The Book of Revelation and “Prophecy”

Surfing the “end times” websites and even watching the local billboards during this time of worldwide crises will reveal a host of arguments that we are nearing “the mark of the beast,” as well as “the rapture of the Church.” Most of these teachings come straight out of the Evangelical community and work as a fear-based hook for new converts and a message of hope and excitement for both new converts and matured parishioners. This is not to say that no type of global Antichrist or “new world order” will happen, but it is to say that it will not happen like the Evangelical say it will happen. In fact many areas in the Bible (both Christ and St. Paul state) say that in perilous times such as these many will fall from the true Gospel message to be enamored by their surroundings.

Remember, the Book of Revelation, even though written and prophesied for many events that have already past, will give us wisdom to handle situations such as the one that we are in right now. But to create a newspaper theology such as is being created is absolute heresy and we should tread very carefully when listening to this hype.

Self Fullfilled Prophesy

Tribulation will always occur, but not exactly like it did in the prophetic destruction of Jerusalem in A.D. 70. Many in the modern church today actually believe that some of the church will be going through the same tribulation that the early church went through in her time. To believe this tribulation theology is to pour apathy onto your soul, because your whole outlook on life becomes negative and even depressing. You tend to hope for the evil in the world to prevail so that your mind is convinced that Christ is returning to give you escape.  Meanwhile, in this state of preoccupation, the liberals and secularists corrupt our churches and societies, giving us a whole new tribulation. It seems that we can actually take some advice from modern psychology; they call this “self-fulfilled prophecy:” reacting in such a way to certain persons or ideologies that ironically brings forth the very same kind of trouble that first concerned you.      

Timing the Tribulation

To clear this misconception of prophecy in Scripture, we must find out to whom John was speaking in the book of Revelation. This can be done by understanding the correct date of the book. If the modernist/dispensationalists can claim that the book of Revelation was written after A.D. 70 (when Jerusalem was destroyed as Christ and John said it would be) then they can begin to claim their interpretation of the prophecies (their interpretation requires huge assumptions, even aside from dating). But when was the prophetic book of Revelation actually written? Was it before A.D. 70 during the reign of emperor Nero Caesar, or around A.D. 95 during the reign of emperor Domitian? If we were to find that the book was written prior to A.D. 70, then the traditional Reformed view of Revelation would be nearly indisputable. Discovering that Revelation was written before A.D. 70 would prove that the judgment of the Jews and the tribulation of the saints that is described in Revelation have already occurred. Granted, a very similar tribulation could occur in the future, but the fact that many of these prophecies are in the past (occurred during the tribulation of A.D.70) changes our whole outlook on eschatology and redemption. Here are five different subjects on which to focus when coming to recognize the correct timing of the book of Revelation.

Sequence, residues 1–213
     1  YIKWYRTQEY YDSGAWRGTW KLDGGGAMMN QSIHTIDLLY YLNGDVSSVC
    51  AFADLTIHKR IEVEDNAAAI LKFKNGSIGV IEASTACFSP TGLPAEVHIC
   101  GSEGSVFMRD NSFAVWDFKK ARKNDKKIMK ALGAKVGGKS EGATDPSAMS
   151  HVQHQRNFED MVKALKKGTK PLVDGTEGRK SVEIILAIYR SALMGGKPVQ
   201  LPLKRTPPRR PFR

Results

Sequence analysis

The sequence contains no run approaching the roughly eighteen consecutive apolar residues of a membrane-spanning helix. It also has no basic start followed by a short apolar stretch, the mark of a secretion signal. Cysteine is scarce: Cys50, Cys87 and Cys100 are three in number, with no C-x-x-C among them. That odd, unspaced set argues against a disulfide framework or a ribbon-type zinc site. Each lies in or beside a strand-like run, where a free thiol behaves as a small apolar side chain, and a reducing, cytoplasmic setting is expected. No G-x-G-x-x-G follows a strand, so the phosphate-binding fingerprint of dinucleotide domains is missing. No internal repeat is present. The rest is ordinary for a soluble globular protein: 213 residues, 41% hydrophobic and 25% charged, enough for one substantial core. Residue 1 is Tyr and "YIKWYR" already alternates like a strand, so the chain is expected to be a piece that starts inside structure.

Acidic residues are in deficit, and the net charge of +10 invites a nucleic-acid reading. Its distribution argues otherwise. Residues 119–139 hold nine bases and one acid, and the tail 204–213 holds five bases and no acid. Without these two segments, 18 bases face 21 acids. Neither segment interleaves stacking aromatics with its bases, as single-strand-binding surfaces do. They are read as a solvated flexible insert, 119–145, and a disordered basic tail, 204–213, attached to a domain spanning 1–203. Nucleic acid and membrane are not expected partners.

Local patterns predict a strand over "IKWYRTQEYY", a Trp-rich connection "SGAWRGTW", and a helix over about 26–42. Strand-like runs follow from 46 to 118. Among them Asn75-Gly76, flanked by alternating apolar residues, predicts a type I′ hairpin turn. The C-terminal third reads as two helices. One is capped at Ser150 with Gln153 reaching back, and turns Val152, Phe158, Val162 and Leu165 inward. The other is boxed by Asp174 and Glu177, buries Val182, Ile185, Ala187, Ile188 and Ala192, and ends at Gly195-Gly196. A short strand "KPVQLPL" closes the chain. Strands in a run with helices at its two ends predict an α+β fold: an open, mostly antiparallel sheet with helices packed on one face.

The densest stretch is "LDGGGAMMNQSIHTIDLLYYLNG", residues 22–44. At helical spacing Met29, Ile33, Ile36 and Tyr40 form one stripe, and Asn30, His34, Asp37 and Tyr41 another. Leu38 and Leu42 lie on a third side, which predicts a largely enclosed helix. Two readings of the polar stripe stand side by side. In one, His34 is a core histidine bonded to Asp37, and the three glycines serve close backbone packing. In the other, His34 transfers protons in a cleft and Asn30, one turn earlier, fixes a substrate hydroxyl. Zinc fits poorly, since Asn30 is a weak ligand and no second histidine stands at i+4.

I.  The Judgment of the Jews

      Revelation has two applications to those being addressed at that time. The first was to warn the first century church of the persecution ahead of them during Emperor Nero Caesar’s reign of A.D. 64-68. The second application was the future destruction of Jerusalem and of the temple (Matthew 24 and Revelation 11). It is universally known that the Jewish temple and the holy city of Jerusalem were both destroyed in A.D. 70. In Matthew 24:2, Jesus Himself prophesied of this event while speaking to the Jews saying, “not one stone shall be left here upon another that shall not be thrown down.”

     When studying each book of the Bible, we must always take into consideration the author’s theme. Revelation 1:7 says, “Behold, He is coming with the clouds, and every eye will see Him, even those who pierced Him; and all the tribes of the earth will mourn over Him. Even so. Amen.” The Old Testament frequently uses clouds as indicators of divine judgment  (Psalm 18:7-15, 104:3; Isaiah 19:1; Joel 2:1,2; Zephaniah 1:14, 15), and of Christ’s second coming at the end of the world (Acts 1:11; 1 Thessalonians 4:13).

     In reference to Revelation 1:7, we can observe that Christ did use a cloud to cast judgment on “those who pierced Him.” It is also quite obvious that this verse is referring to the Jews, for they were the ones who had pierced Him. They were those who sought His death (John 11:53; Matthew 26:4; 27:1), who paid to have Him captured (Matthew 26:14-15, 47), and who initially convicted Him (Matthew 27:65-66). Jesus spoke to Pilate in John 19:11 saying, “he who delivered Me up to you has the greater sin” (referring to the Jews).

     In Revelation 11:1-2, John spoke of the temple as if it were still standing, and of Jerusalem as if it had not yet been “trampled.” Much of eschatological prophecy revolves around the temple and Jerusalem. If both were still intact when Revelation was written, then we can safely assume with much of the other compelling evidence that John was speaking of the futuredestruction of the temple and of Jerusalem, which did in fact happen in A.D. 70. Furthermore, at the time when John wrote the book of Revelation the Christian church was heavily interacting with the Jews, and we recognize from history that this was not the case in the post-temple era beyond A.D. 70. Certainly this would indicate a pre-A.D. 70 dating for the book of Revelation.